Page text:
molly scanlon engl 1106 february 16 2010 n.
Download
Skip this Video
Loading SlideShow in 5 Seconds..
Introduction to Visual Rhetoric PowerPoint Presentation
Download Presentation
Introduction to Visual Rhetoric

Loading in 2 Seconds...

play fullscreen
1 / 19

Introduction to Visual Rhetoric - PowerPoint PPT Presentation


  • 150 Views
  • Uploaded on

Molly Scanlon ENGL 1106 February 16, 2010. Introduction to Visual Rhetoric. Writing Opportunity.

loader
I am the owner, or an agent authorized to act on behalf of the owner, of the copyrighted work described.
capcha
Download Presentation

PowerPoint Slideshow about 'Introduction to Visual Rhetoric' - cana


An Image/Link below is provided (as is) to download presentation

Download Policy: Content on the Website is provided to you AS IS for your information and personal use and may not be sold / licensed / shared on other websites without getting consent from its author.While downloading, if for some reason you are not able to download a presentation, the publisher may have deleted the file from their server.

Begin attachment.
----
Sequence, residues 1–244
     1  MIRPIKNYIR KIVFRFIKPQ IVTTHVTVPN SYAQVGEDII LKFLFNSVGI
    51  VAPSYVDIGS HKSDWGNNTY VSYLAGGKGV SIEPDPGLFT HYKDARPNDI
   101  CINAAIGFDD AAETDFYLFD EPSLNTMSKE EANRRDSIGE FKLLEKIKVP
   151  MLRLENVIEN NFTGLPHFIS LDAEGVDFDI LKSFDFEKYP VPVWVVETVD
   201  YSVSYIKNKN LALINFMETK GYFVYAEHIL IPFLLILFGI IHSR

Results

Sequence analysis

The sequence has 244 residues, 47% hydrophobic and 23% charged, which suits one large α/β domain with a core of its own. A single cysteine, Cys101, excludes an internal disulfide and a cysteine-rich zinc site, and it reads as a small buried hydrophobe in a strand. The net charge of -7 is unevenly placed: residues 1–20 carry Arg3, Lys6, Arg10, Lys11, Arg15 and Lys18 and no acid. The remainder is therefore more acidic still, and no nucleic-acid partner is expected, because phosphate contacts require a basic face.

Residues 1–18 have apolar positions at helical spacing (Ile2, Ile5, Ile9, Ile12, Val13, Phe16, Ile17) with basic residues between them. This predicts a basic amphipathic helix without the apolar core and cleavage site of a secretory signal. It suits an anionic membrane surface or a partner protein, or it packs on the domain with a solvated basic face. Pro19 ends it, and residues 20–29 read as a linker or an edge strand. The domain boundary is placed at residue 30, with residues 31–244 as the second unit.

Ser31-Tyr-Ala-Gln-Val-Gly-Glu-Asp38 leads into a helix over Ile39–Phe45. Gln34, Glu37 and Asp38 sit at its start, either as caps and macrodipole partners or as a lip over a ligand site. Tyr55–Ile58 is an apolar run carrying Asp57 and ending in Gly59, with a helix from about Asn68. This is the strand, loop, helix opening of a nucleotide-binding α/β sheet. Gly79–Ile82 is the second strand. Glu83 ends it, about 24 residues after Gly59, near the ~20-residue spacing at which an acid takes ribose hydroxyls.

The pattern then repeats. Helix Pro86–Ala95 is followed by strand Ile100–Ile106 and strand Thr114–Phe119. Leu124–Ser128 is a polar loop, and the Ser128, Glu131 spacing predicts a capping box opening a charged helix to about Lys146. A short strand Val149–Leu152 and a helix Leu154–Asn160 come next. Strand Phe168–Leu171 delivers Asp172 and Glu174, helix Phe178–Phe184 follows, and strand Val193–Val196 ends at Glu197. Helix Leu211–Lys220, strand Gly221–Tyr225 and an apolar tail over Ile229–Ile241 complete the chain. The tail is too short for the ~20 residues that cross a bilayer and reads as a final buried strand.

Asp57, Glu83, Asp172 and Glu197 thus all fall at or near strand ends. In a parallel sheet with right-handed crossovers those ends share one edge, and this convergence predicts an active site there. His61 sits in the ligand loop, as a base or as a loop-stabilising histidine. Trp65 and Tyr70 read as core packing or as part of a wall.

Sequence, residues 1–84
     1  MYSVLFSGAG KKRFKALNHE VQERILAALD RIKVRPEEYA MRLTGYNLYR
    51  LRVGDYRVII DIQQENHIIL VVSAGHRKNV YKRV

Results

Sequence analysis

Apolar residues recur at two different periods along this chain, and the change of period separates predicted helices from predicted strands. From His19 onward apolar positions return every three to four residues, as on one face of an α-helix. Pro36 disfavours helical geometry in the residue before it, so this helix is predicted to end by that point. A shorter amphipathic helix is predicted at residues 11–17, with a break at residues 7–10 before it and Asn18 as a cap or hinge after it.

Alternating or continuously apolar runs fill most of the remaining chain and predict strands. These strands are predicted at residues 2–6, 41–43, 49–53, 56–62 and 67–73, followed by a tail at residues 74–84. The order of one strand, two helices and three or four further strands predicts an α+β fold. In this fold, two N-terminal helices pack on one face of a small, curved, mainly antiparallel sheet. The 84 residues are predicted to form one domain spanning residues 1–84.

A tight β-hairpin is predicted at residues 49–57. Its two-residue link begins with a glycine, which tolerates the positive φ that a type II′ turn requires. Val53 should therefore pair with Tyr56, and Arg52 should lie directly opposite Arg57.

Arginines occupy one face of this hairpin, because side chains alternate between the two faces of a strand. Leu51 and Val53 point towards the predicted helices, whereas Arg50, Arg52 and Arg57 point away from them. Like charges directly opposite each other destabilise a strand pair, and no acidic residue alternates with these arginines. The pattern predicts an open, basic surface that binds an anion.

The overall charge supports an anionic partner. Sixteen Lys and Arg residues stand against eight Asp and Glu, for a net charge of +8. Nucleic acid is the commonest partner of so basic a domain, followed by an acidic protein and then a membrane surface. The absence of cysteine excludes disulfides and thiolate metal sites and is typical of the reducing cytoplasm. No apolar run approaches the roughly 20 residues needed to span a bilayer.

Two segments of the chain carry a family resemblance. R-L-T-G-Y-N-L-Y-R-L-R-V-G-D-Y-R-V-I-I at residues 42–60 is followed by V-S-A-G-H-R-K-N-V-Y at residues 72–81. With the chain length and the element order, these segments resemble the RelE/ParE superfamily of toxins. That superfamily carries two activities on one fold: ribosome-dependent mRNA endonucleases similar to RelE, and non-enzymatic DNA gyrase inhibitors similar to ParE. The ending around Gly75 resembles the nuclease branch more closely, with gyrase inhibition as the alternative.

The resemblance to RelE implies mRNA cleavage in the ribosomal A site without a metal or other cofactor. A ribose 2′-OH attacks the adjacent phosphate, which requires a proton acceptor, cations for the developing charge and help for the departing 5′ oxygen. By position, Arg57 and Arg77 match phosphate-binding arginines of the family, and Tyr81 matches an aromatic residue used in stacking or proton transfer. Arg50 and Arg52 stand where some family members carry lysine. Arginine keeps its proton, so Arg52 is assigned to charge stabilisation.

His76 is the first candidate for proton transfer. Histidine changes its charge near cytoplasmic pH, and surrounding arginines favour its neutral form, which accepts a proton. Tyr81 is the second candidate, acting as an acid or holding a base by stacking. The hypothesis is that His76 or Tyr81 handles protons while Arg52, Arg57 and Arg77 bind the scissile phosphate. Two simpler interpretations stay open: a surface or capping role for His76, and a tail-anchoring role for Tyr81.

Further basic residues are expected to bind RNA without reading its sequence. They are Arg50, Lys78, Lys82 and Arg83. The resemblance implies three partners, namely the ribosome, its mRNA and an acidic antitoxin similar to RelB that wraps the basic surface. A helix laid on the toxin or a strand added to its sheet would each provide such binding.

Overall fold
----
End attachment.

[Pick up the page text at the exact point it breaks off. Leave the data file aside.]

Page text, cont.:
- - - - - - - - - - - - - - - - - - - - - - - - - - E N D - - - - - - - - - - - - - - - - - - - - - - - - - -
Presentation Transcript
writing opportunity
Writing Opportunity
  • For 15 minutes, write about a place, a spot that brings back sensory details—sights, sounds, smells, textures, and tastes. Try describing a private place—a certain tree in your backyard, a basketball court, a relative’s dining room, the interior of a closet, the cotton candy stand at Busch Gardens.
  • List the details and sensations to get closer to your dominant impression, a cluster of images, or a person connected to that place. (This is your internal landscape).
  • Write a few short, descriptive paragraphs and share it with a partner.
now ask yourself
Now, ask yourself…
  • Why do I focus on this element of the landscape and not another?
  • What is my reason for narrowing my gaze to any specific place?
  • What spaces have I rejected as I’ve narrowed my gaze?
  • Why do I use metaphors and descriptions as I do? Are there any that I abandoned along the way?
  • What memories did you have that you decided to ignore?
visual culture today
“Visual Culture” Today
  • Visual Arguments to:
    • inform (increase awareness)
    • convince (persuade)
    • explore (challenge pre-conceived notions)
    • make decisions (call for action)
    • talk about the past, present, or future
  • So how do we “talk” about them?

Everything’s An Argument, Lunsford. p.p. 9-20

visual arguments to inform
Visual Arguments to Inform

Picturing Texts, Faigley et al., p.p. 51

visual arguments to convince
Visual Arguments to Convince

http://www.backspace.com/notes/2008/06/mission-accomplished.php

visual arguments to explore
Visual Arguments to Explore

Picturing Texts, Faigley et al., p.p. 431

visual arguments to make decisions
Visual Arguments to Make Decisions

Picturing Texts, Faigley et al., p.p. 42

visual arguments about
Visual Arguments about: